Mike Genest, state director of finance under former Gov. Arnold Schwarzenegger and now a consultant, has seen how these special funds can "get out of control." Prop. 71 spawned the California Institute for Regenerative Medicine, which paid former California Democratic Party Chairman Art Torres a $225,000 salary and investment banker Jonathan Thomas $400,000 to serve as chairman -- for a four-day workweek. These special funds invite a certain arrogance, Genest noted, that can lead to "another black mark on government."
At a San Francisco Chronicle editorial board meeting last week, I asked Genest and fellow Prop. 29 opponent David Kline of the California Taxpayers Association whether they would support a $1-per-pack cigarette tax if the money went to the general fund.
Kline didn't think he would. CalTax doesn't go for "targeted taxes," he said, especially one designed to bring in less money over time, assuming the anti-smoking programs work.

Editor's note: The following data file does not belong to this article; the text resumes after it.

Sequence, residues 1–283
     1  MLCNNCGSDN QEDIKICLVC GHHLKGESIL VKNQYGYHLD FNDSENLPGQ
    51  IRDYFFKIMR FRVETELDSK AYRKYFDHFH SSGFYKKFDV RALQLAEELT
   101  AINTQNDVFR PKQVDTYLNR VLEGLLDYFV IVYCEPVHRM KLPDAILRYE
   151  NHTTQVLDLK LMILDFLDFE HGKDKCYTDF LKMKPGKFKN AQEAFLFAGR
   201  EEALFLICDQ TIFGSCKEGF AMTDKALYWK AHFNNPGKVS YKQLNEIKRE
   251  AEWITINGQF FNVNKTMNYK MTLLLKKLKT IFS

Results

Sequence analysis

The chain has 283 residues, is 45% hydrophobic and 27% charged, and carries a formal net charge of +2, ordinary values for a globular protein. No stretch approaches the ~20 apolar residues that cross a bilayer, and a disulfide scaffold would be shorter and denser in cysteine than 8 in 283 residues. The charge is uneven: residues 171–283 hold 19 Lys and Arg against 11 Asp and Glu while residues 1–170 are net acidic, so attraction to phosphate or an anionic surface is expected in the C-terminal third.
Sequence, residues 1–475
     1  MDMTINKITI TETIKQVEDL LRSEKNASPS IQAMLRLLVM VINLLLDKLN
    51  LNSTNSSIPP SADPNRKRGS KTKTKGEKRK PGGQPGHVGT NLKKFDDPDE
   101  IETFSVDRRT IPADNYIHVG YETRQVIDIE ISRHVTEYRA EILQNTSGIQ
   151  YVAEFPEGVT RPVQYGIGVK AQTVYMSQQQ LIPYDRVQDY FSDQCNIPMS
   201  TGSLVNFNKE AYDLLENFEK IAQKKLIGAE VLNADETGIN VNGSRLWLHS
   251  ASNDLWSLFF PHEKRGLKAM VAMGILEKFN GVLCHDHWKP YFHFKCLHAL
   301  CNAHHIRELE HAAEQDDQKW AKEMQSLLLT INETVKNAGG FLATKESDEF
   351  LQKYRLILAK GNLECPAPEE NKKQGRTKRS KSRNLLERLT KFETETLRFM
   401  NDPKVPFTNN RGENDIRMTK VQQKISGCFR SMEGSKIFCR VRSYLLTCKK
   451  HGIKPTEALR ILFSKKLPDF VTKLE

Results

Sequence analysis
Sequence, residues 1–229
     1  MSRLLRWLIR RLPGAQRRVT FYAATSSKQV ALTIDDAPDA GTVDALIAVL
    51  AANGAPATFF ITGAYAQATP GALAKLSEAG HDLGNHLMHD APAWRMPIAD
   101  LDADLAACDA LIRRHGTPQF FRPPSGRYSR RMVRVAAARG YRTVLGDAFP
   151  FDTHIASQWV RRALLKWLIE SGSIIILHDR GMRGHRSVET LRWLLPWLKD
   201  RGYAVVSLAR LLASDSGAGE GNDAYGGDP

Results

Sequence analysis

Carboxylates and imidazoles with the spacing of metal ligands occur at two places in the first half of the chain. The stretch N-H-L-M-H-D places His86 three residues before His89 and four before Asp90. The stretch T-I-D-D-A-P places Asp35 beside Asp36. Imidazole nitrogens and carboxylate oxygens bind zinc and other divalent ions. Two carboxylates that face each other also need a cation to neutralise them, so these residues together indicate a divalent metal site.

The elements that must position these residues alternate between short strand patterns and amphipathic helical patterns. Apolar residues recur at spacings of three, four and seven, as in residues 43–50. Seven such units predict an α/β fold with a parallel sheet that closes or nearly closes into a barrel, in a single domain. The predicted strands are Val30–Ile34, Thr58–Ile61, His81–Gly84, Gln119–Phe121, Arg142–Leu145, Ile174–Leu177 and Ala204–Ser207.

Also, CalTax understands that smokers will have to pick up the tab, and that has ramifications on California's overall economy.
Genest said that he doesn't like Prop. 29's steep rise in cigarette taxes. But among the many things that Sacramento lawmakers may have to do to balance the books, he said, a higher tobacco tax "could fit in the mix."
The Prop. 29 folks told the Chronicle that Californians would not approve a tobacco tax increase that would put the money into the general fund, because voters don't trust the Legislature.
So Prop. 29's authors had to give the money to their cause. And they're the good guys.
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